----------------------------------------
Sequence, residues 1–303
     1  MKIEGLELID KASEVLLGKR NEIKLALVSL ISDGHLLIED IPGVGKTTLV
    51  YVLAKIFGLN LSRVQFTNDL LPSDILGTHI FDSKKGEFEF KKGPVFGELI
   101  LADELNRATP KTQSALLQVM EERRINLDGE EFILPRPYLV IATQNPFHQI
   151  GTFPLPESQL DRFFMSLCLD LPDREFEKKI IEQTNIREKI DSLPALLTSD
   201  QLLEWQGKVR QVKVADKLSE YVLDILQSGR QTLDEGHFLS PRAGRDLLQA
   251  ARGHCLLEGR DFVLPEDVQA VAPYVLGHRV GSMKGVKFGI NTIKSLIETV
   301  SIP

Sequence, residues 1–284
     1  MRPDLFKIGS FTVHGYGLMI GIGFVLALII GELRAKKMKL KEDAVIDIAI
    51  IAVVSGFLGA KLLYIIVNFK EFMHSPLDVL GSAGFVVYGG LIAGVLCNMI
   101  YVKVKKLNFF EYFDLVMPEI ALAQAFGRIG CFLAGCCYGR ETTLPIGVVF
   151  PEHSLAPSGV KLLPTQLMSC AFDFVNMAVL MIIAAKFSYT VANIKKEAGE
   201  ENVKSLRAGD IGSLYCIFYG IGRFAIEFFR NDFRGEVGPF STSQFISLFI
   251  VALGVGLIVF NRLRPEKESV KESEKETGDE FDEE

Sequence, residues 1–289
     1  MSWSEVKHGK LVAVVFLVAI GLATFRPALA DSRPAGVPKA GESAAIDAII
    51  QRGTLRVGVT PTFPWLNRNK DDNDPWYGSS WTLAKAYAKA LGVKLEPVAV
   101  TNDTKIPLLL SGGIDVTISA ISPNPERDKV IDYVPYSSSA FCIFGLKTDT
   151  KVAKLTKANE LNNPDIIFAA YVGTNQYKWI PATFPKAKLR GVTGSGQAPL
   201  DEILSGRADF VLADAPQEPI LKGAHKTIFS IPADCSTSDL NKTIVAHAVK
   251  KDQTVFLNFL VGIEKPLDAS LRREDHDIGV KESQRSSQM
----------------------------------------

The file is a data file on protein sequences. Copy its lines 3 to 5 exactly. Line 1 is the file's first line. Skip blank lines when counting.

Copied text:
    51  YVLAKIFGLN LSRVQFTNDL LPSDILGTHI FDSKKGEFEF KKGPVFGELI
   101  LADELNRATP KTQSALLQVM EERRINLDGE EFILPRPYLV IATQNPFHQI
   151  GTFPLPESQL DRFFMSLCLD LPDREFEKKI IEQTNIREKI DSLPALLTSD